The headlines last week weren't pretty. As colleges and universities nationwide revealed their admissions decisions, news broke of a dramatic decline in acceptance rates — and not just at Ivy League schools. The shift means that for the legions of high school students who sunk all their hopes and plans into a dream school find themselves grappling with some serious disappointment this week.
Why were admissions so low? It's a numbers game. This year's graduating class is one of the largest on record. As a result, colleges saw the number of applicants soar to record-high levels, but budgetary constraints kept most of them from upping the number of spots they could offer. Harvard, the school with the lowest admission rate in the country, offered enrollment to just 6.2% of applicants, or a total of 2,158 students of the record 34,950 who applied. But it isn't just the Ivy League schools; both state schools and private liberal-arts colleges saw their acceptance rates decline as well. The University of California, San Diego, is poised to accept 34.3% of the 53,455 students who applied (down from 38.2% last year and a whopping 49% five years ago), while Amherst College in Massachusetts projects it will accept 12.6% of its 8,432 applicants.
It's not that most students won't get into college at all — there are more than enough spots nationwide for every qualified student to find a place to study — but for many, the school they end up enrolling in may not have been their first, or even third, choice. The initial sting of rejection can take a toll on a student's psyche. These are kids who are used to being the best of the best, says Julia V. Taylor, a school counselor at Apex High School in Raleigh, N.C.
But some of that letdown is self-inflicted, says Laurence Steinberg, professor of psychology at Temple University and author of You and Your Adolescent: The Essential Guide for Ages 10-25. He says our nation's obsession with rankings and prestige means that high school students — and their parents — form intense emotional commitments to schools long before admissions decisions have been made. "When they're rejected it's like being rejected by a boyfriend or girlfriend," Steinberg tells TIME. "They internalize it: What's the matter with me? What could I have done differently? Why did they choose that person and not me?"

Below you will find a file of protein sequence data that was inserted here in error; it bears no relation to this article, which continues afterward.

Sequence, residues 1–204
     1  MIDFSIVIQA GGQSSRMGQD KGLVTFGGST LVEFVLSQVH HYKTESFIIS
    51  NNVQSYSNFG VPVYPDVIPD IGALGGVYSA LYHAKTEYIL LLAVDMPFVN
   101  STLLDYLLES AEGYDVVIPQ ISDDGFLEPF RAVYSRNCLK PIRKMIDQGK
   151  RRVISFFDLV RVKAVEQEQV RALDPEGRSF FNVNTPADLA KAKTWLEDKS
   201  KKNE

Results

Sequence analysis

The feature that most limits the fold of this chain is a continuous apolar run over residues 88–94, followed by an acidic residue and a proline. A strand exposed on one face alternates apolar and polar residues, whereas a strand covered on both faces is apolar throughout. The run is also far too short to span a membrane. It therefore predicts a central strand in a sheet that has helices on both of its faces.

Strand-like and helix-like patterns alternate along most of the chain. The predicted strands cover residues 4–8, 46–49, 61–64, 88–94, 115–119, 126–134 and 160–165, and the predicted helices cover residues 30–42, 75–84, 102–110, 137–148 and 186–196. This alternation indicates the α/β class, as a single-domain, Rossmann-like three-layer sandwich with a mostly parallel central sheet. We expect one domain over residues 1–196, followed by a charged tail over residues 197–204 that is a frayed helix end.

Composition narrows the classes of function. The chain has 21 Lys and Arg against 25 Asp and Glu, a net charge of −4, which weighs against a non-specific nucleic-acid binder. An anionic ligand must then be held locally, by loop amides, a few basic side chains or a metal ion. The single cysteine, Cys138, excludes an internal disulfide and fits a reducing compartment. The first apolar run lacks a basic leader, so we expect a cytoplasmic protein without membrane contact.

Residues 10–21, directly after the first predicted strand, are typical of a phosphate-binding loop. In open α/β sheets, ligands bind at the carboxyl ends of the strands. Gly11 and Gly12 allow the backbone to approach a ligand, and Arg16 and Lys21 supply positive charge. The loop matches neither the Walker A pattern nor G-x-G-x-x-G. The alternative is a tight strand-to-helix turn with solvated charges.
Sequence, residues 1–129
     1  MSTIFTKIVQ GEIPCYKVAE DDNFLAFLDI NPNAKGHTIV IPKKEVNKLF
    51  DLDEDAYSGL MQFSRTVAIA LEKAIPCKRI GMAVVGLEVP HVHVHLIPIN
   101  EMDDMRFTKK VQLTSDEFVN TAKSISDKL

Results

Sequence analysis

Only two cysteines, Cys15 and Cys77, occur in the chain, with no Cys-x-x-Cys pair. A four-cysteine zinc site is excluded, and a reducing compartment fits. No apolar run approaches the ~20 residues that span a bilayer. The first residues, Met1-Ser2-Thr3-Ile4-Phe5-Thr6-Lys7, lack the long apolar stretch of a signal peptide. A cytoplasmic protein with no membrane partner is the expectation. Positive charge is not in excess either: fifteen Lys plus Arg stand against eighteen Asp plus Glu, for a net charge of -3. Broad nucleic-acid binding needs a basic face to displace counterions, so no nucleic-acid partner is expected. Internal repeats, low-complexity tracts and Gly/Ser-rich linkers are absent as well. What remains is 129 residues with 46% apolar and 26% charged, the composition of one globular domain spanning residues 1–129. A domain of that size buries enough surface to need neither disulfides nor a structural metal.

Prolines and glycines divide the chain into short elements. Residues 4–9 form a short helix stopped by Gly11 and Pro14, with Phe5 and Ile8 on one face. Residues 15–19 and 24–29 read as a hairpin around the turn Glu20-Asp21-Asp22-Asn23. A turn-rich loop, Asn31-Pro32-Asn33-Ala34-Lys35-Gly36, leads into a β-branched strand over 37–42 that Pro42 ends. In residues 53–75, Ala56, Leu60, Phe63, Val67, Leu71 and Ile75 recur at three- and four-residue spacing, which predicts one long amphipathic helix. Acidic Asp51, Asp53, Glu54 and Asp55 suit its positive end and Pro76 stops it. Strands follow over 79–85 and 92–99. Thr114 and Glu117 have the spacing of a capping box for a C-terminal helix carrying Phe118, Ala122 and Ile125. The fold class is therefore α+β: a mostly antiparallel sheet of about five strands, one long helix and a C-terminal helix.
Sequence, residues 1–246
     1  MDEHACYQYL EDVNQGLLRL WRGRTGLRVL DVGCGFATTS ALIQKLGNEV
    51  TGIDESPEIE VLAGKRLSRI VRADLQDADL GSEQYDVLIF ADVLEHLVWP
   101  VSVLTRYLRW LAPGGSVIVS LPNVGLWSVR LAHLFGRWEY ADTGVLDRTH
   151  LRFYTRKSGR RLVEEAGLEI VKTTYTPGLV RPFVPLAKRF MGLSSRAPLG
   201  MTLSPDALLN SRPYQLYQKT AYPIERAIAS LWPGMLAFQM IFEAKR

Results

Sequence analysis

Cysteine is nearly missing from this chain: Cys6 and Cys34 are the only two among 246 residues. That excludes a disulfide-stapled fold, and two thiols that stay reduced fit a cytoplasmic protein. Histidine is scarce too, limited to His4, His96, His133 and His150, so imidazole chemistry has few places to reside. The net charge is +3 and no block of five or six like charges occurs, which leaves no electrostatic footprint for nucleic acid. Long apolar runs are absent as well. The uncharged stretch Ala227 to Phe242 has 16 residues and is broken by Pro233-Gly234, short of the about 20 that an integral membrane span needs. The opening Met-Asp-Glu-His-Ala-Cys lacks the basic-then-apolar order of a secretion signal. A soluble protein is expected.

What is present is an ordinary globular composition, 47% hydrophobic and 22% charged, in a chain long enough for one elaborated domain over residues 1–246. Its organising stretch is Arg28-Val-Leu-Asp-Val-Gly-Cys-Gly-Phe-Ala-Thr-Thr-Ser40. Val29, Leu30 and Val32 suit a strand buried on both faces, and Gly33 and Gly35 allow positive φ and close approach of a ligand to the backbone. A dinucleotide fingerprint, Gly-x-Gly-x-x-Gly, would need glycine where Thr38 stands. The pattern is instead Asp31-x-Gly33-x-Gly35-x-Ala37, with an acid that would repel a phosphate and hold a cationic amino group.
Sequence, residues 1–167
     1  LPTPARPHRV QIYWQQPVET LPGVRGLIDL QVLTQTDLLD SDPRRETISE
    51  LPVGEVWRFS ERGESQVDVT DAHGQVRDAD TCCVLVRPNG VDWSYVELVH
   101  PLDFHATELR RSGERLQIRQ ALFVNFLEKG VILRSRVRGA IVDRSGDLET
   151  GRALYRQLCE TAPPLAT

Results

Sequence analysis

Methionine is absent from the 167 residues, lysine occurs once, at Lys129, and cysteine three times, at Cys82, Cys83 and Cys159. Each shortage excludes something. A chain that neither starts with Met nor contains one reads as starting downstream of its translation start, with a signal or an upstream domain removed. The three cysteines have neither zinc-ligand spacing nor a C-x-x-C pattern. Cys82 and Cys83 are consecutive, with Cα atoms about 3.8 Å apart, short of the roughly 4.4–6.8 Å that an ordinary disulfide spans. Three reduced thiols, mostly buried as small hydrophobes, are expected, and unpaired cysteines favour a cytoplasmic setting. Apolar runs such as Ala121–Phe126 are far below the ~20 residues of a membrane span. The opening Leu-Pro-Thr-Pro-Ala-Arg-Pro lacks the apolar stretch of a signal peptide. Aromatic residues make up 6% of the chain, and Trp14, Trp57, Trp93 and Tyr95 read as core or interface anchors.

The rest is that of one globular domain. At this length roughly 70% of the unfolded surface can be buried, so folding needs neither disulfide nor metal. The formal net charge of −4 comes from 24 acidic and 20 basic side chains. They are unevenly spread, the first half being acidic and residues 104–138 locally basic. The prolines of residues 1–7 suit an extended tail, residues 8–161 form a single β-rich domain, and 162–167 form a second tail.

That emotional attachment is often only about what decal students will paste on their parents' minivan, Steinberg says, but it may lead to families overlooking what may actually be the better school for the students. Taylor agrees. In her state, students most often clamor for admission to the University of North Carolina at Chapel Hill. "They don't know a thing about the university. They just know they want to wear a Tar Heels sweatshirt," she says of the university's mascot.
But the good news is, as painful as rejection is, in terms of long-term success, getting into a prestigious college doesn't matter much. A study released in March by Alan Krueger of Princeton University and Stacy Dale of Mathematica Policy Research shows students who are rejected by highly selective schools go on to bank the same average earnings as Ivy League graduates. Krueger tells TIME his study shows too much attention is paid to the schools and not enough to the students. "Students can get a good education at many places," he says. "What matters most is what students put into their education — how seriously they take their studies and how much work they put in." It's what he calls the "Spielberg effect." (Steven Spielberg, one of the most famous directors of all time, was famously rejected twice from the University of Southern California's film school. He went on to attend California State University at Long Beach, a less selective school.) "Even if students don't get in, the fact that they are confident enough to apply indicates they are ambitious and hardworking, which are qualities that will help them regardless of where they go to school," Krueger says.
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